The artistic vision of Jesus
Aaron Rosen finds that Jesus looks at the world the way artists see their subjects.
“Performance art” is the term Aaron Rosen uses in his new book to describe moments in Jesus’ ministry, and it quickly becomes apparent that this use of the term is not at all irreverent. What Would Jesus See is a remarkable and enlarging exploration of Jesus’ view of the world and his unrelenting attempts to help us see the same way. Rosen (a CENTURY columnist) believes that when necessary, Jesus uses “intentionally theatrical” words and actions to call our attention to the importance of how we see.
For example, when in John’s Gospel Jesus is called to arbitrate the fate of the woman taken in adultery (7:53–8:11), he famously pauses and writes in the sand. What he writes we do not know, but that is the point, Rosen says: to simply create a spectacle, a diversion to suspend the injustice that’s playing out. With this visual detour, Jesus leads her accusers from “certitude to confusion,” and the “scornful gaze” of the crowd is reflected back at them. Likewise, the mud and spittle Jesus places on the eyes of the blind man a few chapters later (John 9:1–12) is a ritual used for dramatic effect. Jesus could have healed the man with a word. But as the man washes his eyes and receives his sight, the sequence of events effectively dramatizes for the onlookers what constitutes true blindness and true vision.
Tackling a question as large as “What would Jesus see?” gives Rosen room to dive into the many surprising dimensions of sight that play out in the gospels, with relevance for the challenges of today’s political and social environment. “Eagle-eyed, unpredictable, and brilliant,” Jesus models how transformative right seeing can be. He sees others with empathy and heals them; he sees through the false piety of certain religious leaders and exposes them; he even teaches about how to “see” into the future, a matter of great interest not only in his day but also today, as climate change is upon us. Jesus’ stern teaching about the direct connection between the lust of the eye and adultery in the Sermon on the Mount spells out how vision and action are inextricably bound together. Rosen sums up: “For Jesus, seeing was doing.”
Rosen is the right person to bring us this fresh lens on the gospels. A Jewish scholar of religion and an art curator, he has written widely on art and religion. As the spouse of an Episcopal priest, he is also a close observer of the practical lives of Christian disciples. With a panoply of artists in his repertoire, from classical to contemporary, Rosen offers a range of visual art that highlights the way artists see their subject. This perceptiveness, Rosen shows, is similar to the way Jesus pays attention to his surroundings, both the injustices and the things worth commending. Like an artist, Jesus makes us “question what we think we see.” Rosen makes a convincing case that disciplined vision is an indispensable faculty of the spiritual life, not only for Christians but for anyone who wishes to be a healer in this world.
With the church in mind, I found the chapter titled “Recognizing Others” particularly helpful for working toward unity and inclusiveness with marginalized people. Borrowing from Martin Buber, Rosen suggests that the temptation to see people as “other,” as an object, persists. The work now is to “repair and retrain our sense of recognition” and remember that Jesus looks at others “with a love that does not objectify or transfix” and permits the one he truly sees to “become themselves in his presence. . . . Jesus seems uniquely capable of recognition without preconception.” The reference to Buber is just one of Rosen’s many nods to leading lights of literature, philosophy, science, theology, and more. Cultivating a spiritual view of the world, it seems, is of universal value.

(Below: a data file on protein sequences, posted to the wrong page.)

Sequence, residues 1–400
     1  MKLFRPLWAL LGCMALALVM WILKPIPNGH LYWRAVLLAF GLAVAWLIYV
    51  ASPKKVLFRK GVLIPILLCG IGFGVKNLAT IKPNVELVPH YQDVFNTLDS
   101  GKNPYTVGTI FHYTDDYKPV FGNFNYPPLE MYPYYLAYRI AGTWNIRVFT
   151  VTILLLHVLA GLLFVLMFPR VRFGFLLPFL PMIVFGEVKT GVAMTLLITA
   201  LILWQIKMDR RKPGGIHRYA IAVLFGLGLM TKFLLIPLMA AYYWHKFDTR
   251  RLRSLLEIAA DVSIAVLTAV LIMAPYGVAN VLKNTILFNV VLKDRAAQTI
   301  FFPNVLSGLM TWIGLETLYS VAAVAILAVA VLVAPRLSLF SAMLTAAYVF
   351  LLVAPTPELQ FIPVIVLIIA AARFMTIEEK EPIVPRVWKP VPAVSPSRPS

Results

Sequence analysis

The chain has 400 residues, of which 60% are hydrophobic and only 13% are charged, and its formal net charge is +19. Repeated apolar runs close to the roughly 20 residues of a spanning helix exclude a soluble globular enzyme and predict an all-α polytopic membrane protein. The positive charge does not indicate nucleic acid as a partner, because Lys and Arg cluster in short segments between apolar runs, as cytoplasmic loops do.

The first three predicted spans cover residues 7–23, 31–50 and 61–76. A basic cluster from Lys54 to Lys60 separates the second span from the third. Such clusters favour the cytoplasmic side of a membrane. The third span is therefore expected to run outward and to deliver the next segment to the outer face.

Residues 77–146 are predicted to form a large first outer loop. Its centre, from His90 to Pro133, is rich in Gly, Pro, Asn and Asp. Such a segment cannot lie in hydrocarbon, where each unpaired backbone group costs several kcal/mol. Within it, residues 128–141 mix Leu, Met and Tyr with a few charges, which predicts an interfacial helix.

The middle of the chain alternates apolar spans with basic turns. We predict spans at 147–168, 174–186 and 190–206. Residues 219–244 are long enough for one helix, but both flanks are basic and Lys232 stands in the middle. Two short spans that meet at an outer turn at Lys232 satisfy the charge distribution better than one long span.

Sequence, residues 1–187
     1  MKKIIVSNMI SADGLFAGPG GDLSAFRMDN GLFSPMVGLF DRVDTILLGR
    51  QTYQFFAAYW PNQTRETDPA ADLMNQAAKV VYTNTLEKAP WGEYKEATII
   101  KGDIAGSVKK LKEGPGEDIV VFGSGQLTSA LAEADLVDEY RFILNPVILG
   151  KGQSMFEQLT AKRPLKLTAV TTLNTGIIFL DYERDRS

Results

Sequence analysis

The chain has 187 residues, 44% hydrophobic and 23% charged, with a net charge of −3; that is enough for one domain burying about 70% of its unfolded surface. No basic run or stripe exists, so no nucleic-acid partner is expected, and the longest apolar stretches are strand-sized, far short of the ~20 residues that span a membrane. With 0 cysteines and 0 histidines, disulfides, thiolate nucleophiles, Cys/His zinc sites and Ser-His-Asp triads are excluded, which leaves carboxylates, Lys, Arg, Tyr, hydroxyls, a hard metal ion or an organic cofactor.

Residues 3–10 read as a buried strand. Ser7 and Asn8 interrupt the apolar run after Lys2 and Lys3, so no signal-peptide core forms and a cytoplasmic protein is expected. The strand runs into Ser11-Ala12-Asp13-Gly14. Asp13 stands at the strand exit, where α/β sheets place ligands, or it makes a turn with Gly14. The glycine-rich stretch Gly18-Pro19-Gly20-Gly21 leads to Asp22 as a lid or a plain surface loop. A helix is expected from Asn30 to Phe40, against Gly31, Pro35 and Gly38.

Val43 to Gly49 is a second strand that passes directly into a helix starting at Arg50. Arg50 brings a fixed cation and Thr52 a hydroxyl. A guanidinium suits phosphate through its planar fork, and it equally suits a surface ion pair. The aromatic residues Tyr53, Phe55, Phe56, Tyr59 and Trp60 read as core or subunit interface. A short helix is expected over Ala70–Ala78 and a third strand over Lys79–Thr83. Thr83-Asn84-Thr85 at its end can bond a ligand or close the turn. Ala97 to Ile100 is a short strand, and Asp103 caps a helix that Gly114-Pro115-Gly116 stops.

Rosen is at his best when he delves extensively into the form of seeing known as discernment. What does it take to discern the truth, and in particular, divine truth? Rosen describes a deliberate process—a sustained effort entailing humility, patience, and study. It is refreshing to hear that such a discipline will eventually yield its fruit, even amid our current “moral and civic decline” in which “confusion between fact and opinion leads to a disorienting landscape in which truth is not only obscured but irrelevant.”
When it comes to discerning the identity of Jesus, who often avoids self-disclosure, Rosen connects us with the holiness that is integral to the truth we endeavor to uncover. He posits that “Jesus’s assertion that most people can’t handle or even recognize the truth might sound inequitable on the surface, but it safeguards the radical alterity, or otherness, of divine truth.” Turning to the way Jesus’ disciples only gradually recognize him in his risen state, Rosen says that there are deep purposes here as well, one of which is to demonstrate that in this case, “sensory perception alone” is not enough. The challenge of learning truth, it seems, involves a healthy respect for the forces that keep it hidden.
With a book so thorough and so grounded in scripture, I was surprised that Rosen didn’t include a discussion of the biblical word behold, the urgent imperative to pay attention that is spoken by God’s messengers whenever a sacred, significant moment is unfolding. Yet perhaps beholding is the very idea which Rosen carries forward in this timely work. What Would Jesus See is a revelatory and eloquent exposition about the necessity of paying attention to what God would have us see as a prerequisite to doing what God would have us do. Rosen persuades us that such attentiveness is not just an opportunity but a responsibility with a clear path forward, even today. Jesus, he explains, “invites us to look closely with him, to extend his insights into ever-new periods and contexts.”